Top broker doesn’t let paralysis stop him from realizing dreams

Published: June 14, 2007  |  Source: headnorth.org
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Eric Northbrook is well known throughout the San Diego County real estate community as one of the region’s top brokers.

Now, the Cushman & Wakefield senior director is making his presence felt among those who have spinal cord injuries and the doctors and family who take care of them.

Eighteen months ago, Northbrook was paralyzed from the chest down in a motorcycle accident. He has been determined ever since to help find a cure.

“One of these days I’m going to be 5 foot 9 (inches) again, instead of 4 foot 6,” he said during a recent interview. “I’m a driven individual. I’m a firm believer it’s not what happens to you, but what you do about it.

“I’ve never looked backward, I’ve always looked forward. My goal is to walk again, and I’m going to do everything I potentially can to do that.”

Northbrook created a non-profit charity, the Head North Foundation, focused on enhancing the quality of life for people who have suffered spinal cord injuries and have limited resources. Since its inception, the organization has raised $800,000.

The foundation’s biggest fundraiser is its annual golf tournament. The second event will be held Tuesday at the Crosby Club in Rancho Santa Fe, featuring a four-man scramble tournament, silent and live auctions, and a dinner.

The 128-player field is already set and sponsorships for each hole and the dinner are sold out. Last year the event, held over two days, raised $330,000.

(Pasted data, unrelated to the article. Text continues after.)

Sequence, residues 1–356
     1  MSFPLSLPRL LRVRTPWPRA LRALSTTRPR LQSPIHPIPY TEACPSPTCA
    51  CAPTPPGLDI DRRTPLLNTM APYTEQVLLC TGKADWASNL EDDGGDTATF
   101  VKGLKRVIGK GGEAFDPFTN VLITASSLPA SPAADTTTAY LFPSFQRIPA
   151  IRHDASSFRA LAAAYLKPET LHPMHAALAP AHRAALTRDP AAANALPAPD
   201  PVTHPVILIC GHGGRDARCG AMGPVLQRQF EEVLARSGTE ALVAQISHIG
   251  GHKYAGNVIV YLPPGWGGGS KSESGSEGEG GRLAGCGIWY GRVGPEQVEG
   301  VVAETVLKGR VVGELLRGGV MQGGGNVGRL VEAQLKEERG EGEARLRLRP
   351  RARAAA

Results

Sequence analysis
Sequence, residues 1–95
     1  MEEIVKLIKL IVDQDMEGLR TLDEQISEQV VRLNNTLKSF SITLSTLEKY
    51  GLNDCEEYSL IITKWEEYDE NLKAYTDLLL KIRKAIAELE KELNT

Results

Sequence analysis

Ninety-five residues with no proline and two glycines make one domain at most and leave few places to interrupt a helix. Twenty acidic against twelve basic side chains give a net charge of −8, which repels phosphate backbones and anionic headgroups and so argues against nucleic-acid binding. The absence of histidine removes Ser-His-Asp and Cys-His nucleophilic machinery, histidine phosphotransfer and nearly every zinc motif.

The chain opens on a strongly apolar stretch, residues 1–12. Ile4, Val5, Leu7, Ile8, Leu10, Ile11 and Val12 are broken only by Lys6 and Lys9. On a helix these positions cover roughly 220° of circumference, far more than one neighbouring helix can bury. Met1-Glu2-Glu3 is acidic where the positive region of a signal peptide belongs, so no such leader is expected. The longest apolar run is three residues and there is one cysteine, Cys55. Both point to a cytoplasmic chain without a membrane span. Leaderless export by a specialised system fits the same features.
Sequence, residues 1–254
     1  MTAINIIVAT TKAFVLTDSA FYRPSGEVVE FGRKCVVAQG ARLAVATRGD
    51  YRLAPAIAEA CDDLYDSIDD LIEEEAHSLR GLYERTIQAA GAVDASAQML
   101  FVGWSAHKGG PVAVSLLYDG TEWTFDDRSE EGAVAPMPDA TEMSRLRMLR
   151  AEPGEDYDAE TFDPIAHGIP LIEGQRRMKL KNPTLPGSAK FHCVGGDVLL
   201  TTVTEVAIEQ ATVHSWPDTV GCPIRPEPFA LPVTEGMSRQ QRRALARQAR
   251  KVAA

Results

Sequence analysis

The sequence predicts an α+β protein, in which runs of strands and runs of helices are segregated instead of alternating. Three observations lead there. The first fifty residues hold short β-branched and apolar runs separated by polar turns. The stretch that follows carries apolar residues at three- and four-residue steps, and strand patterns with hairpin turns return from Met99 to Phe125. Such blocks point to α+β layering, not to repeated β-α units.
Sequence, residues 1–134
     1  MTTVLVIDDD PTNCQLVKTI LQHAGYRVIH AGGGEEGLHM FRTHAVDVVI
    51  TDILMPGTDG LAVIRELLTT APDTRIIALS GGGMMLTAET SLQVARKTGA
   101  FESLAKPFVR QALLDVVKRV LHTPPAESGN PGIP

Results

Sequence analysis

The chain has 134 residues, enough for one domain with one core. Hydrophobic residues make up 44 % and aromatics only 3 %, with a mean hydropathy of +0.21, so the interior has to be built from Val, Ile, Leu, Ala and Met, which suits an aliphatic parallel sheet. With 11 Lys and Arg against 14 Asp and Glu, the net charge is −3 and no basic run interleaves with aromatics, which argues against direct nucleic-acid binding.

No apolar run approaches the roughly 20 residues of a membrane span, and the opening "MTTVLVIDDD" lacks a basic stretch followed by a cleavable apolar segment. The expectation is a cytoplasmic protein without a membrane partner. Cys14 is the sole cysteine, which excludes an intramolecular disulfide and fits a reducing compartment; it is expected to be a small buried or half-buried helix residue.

“You can’t raise enough money right now to help people that unfortunately have been in or are in this situation,” Northbrook said.

In addition to his foundation, Northbrook also is helping with a capital campaign to fund research for chronic spinal injuries. The campaign’s goal is to raise $3 million.

“They’re definitely making some progress but it’s a slow process, and it takes money,” he said.

Northbrook said most of the National Institute of Health’s grant money goes toward finding treatments to be administered within the first 48 hours of the injury. Treatment options for long-term, or chronic, injuries rely on private capital and charitable contributions.

“The way I understand it, stem cell research is one avenue of potential recovery,” he said, “but it’s so new, it’s not really applicable right now.”

Northbrook was injured Jan. 27, 2006, in Baja when the motorcycle he was riding hit some rocks, throwing him from the bike. He suffered life-threatening injuries, including a broken back, 10 broken ribs and a scull fracture. Compounding the situation, it took him eight hours to get to a hospital.

Undaunted by his injuries, Northbrook held a marketing meeting from the hospital’s intensive care unit less than 12 hours after spinal surgery.

He was hospitalized for five months, including a fourth-month stay at Craig Hospital in Denver, a leader in spinal cord Rehabilitation.